A new clinical study published in the journal Parkinsonism and Related Disorders links higher caffeine consumption to slower development of Parkinson's symptoms after diagnosis.
Following the progression of Parkinson's
Researchers studied the progression of Parkinson's symptoms over 4 years in 79 people who had been newly diagnosed with the condition.
They found that higher caffeine consumption, from drinks like tea and coffee, was linked to the development of fewer motor and non-motor symptoms, and lower symptom severity.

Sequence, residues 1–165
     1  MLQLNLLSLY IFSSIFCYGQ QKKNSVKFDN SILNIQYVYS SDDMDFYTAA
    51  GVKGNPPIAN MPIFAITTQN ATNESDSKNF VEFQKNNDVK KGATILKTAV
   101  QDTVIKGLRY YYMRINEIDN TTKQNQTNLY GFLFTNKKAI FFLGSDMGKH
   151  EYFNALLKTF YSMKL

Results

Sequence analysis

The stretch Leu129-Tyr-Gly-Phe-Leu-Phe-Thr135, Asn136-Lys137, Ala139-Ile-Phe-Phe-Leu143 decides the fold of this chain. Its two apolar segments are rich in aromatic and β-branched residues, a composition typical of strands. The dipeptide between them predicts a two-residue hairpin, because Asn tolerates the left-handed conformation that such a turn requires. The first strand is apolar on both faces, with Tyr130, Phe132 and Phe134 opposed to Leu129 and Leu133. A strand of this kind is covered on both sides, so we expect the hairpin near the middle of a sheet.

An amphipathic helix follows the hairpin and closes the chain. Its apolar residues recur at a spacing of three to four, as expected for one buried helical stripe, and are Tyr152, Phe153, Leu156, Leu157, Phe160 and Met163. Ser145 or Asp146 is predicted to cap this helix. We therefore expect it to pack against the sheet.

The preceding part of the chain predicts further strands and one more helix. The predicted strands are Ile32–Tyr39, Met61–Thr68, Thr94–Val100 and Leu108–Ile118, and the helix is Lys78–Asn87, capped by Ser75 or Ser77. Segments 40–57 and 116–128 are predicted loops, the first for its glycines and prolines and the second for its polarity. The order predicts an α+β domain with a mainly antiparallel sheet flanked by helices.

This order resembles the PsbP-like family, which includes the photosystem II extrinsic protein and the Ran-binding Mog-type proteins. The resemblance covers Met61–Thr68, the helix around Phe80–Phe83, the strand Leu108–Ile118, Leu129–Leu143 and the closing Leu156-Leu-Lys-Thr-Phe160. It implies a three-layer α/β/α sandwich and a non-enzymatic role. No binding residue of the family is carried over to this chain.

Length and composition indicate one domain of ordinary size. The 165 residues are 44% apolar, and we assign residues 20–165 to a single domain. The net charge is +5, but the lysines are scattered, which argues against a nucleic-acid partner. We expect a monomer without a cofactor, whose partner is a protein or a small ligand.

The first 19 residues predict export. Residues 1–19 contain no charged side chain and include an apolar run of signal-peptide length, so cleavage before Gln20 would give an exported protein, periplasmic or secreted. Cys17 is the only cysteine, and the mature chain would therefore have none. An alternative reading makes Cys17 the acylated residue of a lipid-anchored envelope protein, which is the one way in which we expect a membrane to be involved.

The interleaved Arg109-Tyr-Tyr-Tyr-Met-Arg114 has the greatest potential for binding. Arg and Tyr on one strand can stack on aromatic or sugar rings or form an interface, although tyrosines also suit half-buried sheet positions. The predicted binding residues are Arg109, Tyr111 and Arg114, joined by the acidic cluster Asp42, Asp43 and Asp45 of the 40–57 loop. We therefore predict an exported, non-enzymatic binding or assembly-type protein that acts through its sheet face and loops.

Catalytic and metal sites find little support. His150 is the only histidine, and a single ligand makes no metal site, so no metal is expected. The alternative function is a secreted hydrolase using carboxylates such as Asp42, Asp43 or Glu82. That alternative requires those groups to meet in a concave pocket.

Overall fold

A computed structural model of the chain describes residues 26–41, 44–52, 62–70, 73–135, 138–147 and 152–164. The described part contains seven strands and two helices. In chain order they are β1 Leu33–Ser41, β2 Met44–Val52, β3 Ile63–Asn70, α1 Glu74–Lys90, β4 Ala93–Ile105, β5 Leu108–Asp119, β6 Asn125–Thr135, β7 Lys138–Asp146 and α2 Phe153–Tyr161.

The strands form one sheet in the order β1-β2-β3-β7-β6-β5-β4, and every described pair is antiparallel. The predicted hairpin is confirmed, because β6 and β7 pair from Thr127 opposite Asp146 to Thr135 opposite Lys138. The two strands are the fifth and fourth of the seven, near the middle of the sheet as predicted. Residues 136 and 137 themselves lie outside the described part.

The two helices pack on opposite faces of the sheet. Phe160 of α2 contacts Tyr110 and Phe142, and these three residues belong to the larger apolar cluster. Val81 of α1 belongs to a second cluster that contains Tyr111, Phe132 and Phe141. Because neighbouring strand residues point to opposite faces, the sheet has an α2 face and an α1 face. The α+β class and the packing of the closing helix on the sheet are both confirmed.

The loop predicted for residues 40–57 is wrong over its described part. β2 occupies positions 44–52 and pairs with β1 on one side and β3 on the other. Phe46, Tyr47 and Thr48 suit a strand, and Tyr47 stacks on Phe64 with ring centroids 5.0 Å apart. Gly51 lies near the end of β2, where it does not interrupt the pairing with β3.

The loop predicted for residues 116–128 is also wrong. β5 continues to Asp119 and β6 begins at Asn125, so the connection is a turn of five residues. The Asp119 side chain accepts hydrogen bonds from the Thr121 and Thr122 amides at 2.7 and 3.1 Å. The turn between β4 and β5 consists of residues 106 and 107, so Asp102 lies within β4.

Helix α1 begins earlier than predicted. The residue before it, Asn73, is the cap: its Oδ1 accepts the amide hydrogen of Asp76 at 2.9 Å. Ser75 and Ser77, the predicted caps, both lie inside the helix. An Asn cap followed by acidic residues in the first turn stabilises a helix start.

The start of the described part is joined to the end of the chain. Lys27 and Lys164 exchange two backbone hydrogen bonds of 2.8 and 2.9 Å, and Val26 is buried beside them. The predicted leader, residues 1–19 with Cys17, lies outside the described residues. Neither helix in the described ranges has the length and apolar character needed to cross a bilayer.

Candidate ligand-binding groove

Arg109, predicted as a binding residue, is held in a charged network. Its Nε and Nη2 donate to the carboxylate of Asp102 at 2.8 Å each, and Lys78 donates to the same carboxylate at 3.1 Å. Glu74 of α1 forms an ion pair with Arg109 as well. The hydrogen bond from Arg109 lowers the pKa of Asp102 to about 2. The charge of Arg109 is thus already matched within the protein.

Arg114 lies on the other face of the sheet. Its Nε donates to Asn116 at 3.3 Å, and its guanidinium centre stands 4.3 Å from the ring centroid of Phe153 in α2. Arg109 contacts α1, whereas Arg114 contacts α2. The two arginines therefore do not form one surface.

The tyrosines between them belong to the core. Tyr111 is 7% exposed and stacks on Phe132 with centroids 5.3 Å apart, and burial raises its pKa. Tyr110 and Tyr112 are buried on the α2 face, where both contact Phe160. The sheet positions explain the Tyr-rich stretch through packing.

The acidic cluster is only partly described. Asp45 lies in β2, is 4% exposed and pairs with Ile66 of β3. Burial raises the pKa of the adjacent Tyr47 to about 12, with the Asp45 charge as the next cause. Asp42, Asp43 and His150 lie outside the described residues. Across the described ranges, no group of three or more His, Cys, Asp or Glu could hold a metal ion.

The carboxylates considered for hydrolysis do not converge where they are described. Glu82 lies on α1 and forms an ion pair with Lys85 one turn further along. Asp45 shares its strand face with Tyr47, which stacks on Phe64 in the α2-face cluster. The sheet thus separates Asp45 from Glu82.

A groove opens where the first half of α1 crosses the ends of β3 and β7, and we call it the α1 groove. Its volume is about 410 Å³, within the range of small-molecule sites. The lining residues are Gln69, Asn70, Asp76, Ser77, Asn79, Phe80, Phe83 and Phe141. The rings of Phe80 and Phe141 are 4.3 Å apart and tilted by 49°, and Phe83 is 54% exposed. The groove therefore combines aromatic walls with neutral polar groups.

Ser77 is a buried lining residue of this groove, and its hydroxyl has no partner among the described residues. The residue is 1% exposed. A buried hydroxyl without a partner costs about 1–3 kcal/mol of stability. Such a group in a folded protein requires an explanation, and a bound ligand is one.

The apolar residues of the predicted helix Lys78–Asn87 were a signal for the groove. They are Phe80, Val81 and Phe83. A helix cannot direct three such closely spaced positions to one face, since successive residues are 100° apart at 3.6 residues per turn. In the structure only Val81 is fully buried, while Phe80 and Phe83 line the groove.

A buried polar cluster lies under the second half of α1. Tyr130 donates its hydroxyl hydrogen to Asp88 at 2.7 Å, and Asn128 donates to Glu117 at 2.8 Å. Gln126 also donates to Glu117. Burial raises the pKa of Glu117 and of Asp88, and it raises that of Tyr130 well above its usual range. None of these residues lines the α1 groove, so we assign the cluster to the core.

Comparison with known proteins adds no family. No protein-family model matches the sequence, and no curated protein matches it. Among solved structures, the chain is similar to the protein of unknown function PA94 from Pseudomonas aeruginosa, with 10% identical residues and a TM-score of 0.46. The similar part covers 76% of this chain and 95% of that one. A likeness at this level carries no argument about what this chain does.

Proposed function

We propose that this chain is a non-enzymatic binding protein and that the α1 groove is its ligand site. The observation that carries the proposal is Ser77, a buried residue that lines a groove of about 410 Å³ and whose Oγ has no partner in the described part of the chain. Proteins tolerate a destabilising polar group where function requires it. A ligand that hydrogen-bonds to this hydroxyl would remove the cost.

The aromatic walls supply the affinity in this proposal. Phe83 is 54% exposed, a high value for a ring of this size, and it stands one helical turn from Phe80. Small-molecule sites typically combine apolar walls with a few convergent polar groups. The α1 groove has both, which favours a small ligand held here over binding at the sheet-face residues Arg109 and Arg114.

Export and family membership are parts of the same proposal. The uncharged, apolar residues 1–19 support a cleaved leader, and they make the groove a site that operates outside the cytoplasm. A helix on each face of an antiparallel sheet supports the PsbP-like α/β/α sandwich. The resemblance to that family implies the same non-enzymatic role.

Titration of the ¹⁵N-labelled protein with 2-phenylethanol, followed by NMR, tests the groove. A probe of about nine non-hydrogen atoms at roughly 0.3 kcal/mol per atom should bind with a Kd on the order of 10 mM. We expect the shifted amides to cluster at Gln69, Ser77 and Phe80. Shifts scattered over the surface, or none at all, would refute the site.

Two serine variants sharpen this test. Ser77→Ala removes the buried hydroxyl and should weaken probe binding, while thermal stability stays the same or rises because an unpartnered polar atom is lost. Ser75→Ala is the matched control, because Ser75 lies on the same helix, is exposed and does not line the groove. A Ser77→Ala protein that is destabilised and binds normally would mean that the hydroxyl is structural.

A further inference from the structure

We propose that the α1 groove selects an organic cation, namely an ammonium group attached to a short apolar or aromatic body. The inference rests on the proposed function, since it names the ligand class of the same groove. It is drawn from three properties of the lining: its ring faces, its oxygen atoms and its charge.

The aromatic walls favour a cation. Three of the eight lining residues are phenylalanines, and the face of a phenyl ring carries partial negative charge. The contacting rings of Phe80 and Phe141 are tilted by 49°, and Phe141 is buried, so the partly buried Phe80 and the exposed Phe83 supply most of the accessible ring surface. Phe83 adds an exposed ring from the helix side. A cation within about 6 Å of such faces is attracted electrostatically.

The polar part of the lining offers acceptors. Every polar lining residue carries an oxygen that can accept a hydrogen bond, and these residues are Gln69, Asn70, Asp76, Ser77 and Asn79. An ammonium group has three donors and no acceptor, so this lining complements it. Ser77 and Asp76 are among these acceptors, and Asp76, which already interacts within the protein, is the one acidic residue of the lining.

The study also found that people who drank more caffeine started Parkinson's medication, such as levodopa, later compared to those with lower caffeine consumption.
Behind the headlines
Claire Bale, our Head of Research Communications, comments:
"Some studies have suggested that higher caffeine consumption may slightly reduce the risk of developing Parkinson's and have beneficial effects on some symptoms.
"These findings are interesting but we need to see more evidence from larger clinical trials before we can recommend that people with Parkinson's should drink more coffee.
"Although many of us consume caffeine on a daily basis, it is a drug and it can have side effects, especially if you're someone who isn't used to it.
"We would recommend talking to your GP or nurse before making any significant changes to your caffeine intake."